Having decided to set up an out of school club, your biggest challenge will be to find funding to help you get started. The type of funding you go for will depend on:
- Your reasons for starting the business
- What the money is for
- How much money do you require
- How soon you need it
- Nature of your business
- Plans for future growth
Out of school clubs typically rely on either grants, charitable funds, or the proprietor's own money for start-up funding.
Grants from government and statutory bodies
The government formerly made significant amounts of money available through local authorities to support childcare settings with start-up grants and sustainability funding. The aim was to increase the number of childcare places available. However with the squeezing of budgets within local government and a changing of priorities, the status of this funding is now unclear. Some local authorities still keep some money available for start-up grants, but the situation varies greatly around the country. Contact the Early Years and Childcare department at your local council to check whether they still offer any start-up funding for childcare settings.
In May 2013 the Department of Culture, Media and Sport (DCMS) launched a new start-up grant for Ofsted-registered childcare businesses with the aim of getting more women back into the workforce. New out of school clubs can claim £500 in start-up costs but only if they are just setting up and have not yet started trading. The scheme will run for just one year initially, and has a pot of £2 million for the whole country, so if you'd like to claim from this scheme, do so as soon as possible before the money is all allocated.
This could include savings, equity or borrowing. External equity is money raised from selling shares in your business, in return for a proportion of the profits and a share of the future value. If borrowing to finance the business the debt is usually secured against assets of the business or is guaranteed by you or others. If the business is funded by borrowing, it needs to make enough money to cover both capital and interest repayments.
These can come from charitable trusts or from donations. In recent years the lottery has been a big source of charitable funding for voluntary childcare organisations. Many organisations are successful in attracting this type of funding, but it can be time consuming and a drain on valuable time and resources to continually apply for funds in order to keep going.
Government Start-Up Loan scheme
The government set up a new scheme in 2012 to provide start-up loans to new businesses in England, Wales and Northern Ireland. The scheme provides relatively small loans (typically around £6,000 but larger amounts are available) to help new businesses get off the ground. You can apply for a government Start-Up Loan even if you have already started running your business, so long as you have been trading for less than 12 months. The loans are repayable over 1 to 5 years, and currently have a fixed interest rate of just 6% - which is much less than most high street banks. Once approved, in addition to the loan you also receive advice and mentoring via the Start-Up Loan Company. For more information, see the Start-Up Loan Company's website:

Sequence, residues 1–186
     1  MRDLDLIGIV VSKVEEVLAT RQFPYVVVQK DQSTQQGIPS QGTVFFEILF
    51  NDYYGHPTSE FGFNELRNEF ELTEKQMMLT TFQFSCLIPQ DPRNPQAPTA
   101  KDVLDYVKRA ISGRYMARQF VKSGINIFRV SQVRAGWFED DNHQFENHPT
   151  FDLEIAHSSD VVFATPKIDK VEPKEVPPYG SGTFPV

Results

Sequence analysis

If your out of school club will be run as a private business, the former Business Link service (now part of the .GOV.UK website) provides some good general information about business funding. They have a Business Finance and Support Finder tool which can be useful:
Learning Exchange has a useful list of grants and funds that could be relevant to you (depending the precise nature of your club and what exactly you need the money for). Many charitable funds are quite restricted either in their remit or in their geographical area, and in addition you may not be eligible if you run your club as a standard business, rather than as a charitable organisation or social enterprice.
The UK Community Foundations website will put you in touch with grants and funding opportunities that are specific to your local area.
The Funding Central website provides access to thousands of funding opportunities for organisations in England. It has an interactive online tool which helps you to identify which grants or loans your organisation may be eligible for. Most of the grants and loans that it covers are for charitable or voluntary organisations or social enterprises.
For advice and support with sourcing grant funding and on preparing your funding bid, the Funding Doctor (also known as Support 4 Community Projects) may be able to help. (Members of the Out of School Alliance benefit from a 10% discount on the Funding Doctor's fees.)
If you plan to raise money through grant funding, see our series of articles:
Your funding project — Tip 1: Learn to speak the funders' language
Your funding project — Tips 2 and 3: Housekeeping and Keep talking!
Your funding project — Tips 4 and 5: Planning and Build your team
Your funding project — Tips 6 and 7: Finding the money and Celebrate!
Developing a funding mix strategy: sources of funding